Tyrel Dodson, Tyler Matakevich, and Andre Smith filled out last year’s roster at linebacker. All three of them saw some action and held up well when called upon. All three are back for the 2021 seasons as well, but they are less likely to get on the field with the free-agent addition of Tyrell Adams. Adams took over as a starter for the Texans when Bernardrick McKinney was lost last year. Once he got on the field, Adams was rather impressive. So much so that he earned sub-package snaps over Zach Cunningham in several games.
In terms of IDP value, Adams was an excellent in-season addition that helped many managers win their leagues. In 12 starts, he totaled 74-46-2 with a pair of forced fumbles, 4 passes defended, and an average of 13.7 points per game. He signed a one-year deal with Buffalo at a backup's salary, so Adams is not likely to get any consideration as a starter unless someone goes down, but if he gets the call, jump on him quickly.
- MLB Tremaine Edmunds – LB3 with some upside
- WLB Matt Milano – Injury risk with a high ceiling if he can stay on the field
- SLB A.J. Klein – Marginal value at best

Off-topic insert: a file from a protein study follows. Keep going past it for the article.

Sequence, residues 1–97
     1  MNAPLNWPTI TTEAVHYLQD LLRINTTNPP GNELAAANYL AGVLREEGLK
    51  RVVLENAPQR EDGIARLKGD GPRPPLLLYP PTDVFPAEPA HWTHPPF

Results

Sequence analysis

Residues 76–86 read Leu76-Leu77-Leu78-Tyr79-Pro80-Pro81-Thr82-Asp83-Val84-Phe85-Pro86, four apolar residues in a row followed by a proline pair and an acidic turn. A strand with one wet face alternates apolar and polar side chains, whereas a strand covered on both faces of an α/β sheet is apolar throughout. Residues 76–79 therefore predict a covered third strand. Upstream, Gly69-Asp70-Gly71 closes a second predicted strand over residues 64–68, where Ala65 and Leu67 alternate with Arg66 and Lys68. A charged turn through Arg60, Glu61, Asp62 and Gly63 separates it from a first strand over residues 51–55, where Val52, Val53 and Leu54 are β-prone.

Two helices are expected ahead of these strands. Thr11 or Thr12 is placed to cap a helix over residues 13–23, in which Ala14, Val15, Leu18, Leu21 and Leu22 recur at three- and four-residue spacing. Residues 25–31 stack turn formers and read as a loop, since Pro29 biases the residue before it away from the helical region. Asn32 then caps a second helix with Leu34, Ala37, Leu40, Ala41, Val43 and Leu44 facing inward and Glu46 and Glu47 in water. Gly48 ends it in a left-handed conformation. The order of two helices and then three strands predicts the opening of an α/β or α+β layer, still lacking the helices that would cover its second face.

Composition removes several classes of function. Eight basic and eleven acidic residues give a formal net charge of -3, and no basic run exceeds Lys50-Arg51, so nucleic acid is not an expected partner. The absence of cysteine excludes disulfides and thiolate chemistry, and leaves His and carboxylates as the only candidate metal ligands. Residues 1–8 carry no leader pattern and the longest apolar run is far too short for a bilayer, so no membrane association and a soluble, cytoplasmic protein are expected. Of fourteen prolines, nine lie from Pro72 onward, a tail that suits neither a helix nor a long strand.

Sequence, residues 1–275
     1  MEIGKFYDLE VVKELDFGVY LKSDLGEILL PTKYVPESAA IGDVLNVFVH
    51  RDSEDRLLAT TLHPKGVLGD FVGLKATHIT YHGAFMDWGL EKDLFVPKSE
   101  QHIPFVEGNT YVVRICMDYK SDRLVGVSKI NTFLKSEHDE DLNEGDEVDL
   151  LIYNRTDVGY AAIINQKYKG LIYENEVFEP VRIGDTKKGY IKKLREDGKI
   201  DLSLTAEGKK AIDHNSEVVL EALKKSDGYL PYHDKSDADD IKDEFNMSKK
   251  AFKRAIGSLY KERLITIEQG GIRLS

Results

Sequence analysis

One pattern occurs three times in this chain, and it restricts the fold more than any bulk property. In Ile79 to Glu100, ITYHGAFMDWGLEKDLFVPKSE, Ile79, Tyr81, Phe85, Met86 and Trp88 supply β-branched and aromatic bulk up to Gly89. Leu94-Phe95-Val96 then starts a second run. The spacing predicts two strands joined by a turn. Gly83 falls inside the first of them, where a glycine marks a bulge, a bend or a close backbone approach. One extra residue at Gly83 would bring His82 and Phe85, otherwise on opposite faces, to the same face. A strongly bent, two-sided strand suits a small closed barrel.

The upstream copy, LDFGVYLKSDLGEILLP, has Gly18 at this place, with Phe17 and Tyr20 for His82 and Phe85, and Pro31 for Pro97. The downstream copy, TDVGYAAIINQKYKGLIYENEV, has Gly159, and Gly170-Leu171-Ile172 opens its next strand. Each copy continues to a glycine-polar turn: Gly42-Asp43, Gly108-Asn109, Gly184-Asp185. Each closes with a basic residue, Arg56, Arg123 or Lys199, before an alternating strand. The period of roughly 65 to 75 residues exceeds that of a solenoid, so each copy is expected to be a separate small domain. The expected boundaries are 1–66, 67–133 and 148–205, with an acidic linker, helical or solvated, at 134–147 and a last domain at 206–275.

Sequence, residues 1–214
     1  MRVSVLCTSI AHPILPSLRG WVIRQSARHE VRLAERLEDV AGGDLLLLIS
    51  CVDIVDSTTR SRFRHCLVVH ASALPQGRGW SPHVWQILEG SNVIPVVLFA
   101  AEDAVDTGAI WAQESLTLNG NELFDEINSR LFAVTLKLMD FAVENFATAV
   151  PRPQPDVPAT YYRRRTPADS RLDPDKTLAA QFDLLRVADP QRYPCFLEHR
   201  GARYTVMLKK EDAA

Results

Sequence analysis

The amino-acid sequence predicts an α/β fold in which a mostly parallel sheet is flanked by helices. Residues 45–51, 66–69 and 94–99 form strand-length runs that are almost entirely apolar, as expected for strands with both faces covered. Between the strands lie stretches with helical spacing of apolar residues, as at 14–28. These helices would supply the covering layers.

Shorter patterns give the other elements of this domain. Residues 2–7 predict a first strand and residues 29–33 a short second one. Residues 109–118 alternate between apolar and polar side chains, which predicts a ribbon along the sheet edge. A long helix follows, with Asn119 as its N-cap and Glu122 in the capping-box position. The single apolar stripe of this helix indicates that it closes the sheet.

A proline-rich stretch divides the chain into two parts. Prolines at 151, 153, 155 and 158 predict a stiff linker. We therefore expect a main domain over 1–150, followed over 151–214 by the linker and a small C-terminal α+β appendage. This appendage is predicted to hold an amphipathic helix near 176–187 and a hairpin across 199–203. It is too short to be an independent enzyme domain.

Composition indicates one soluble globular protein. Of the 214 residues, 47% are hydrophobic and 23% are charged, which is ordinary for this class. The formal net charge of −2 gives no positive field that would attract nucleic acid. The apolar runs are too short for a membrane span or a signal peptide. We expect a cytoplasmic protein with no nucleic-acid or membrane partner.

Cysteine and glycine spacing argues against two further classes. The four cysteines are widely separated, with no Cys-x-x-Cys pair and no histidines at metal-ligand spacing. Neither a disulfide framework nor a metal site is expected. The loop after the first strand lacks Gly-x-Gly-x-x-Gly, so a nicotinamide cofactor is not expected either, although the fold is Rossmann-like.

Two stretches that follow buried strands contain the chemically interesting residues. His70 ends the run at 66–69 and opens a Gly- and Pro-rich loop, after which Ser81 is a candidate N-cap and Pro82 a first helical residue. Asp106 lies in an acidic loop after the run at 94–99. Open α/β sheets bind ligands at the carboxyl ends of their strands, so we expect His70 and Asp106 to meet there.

- MLB/WLB Tyrell Adams – Injury sleeper
- MLB/SLB Tyler Matakevich – No impact
- SLB/MLB Andre Smith – No impact
- MLB/WLB Tyrel Dodson – No impact
Like the linebacker position, there is not much mystery surrounding the Bills' secondary. Jordan Poyer and Micah Hyde are locked in as the starting safeties and are proven commodities on the field. When the duo was Initially paired back in 2017, Poyer was considered the free safety and Hyde strong, but in reality, they were interchangeable pieces. The Bills were not very good defensively that season, so both of these players put up strong numbers. Since that time, however, Hyde’s production has plummeted while Poyer has become one of the elite at the position.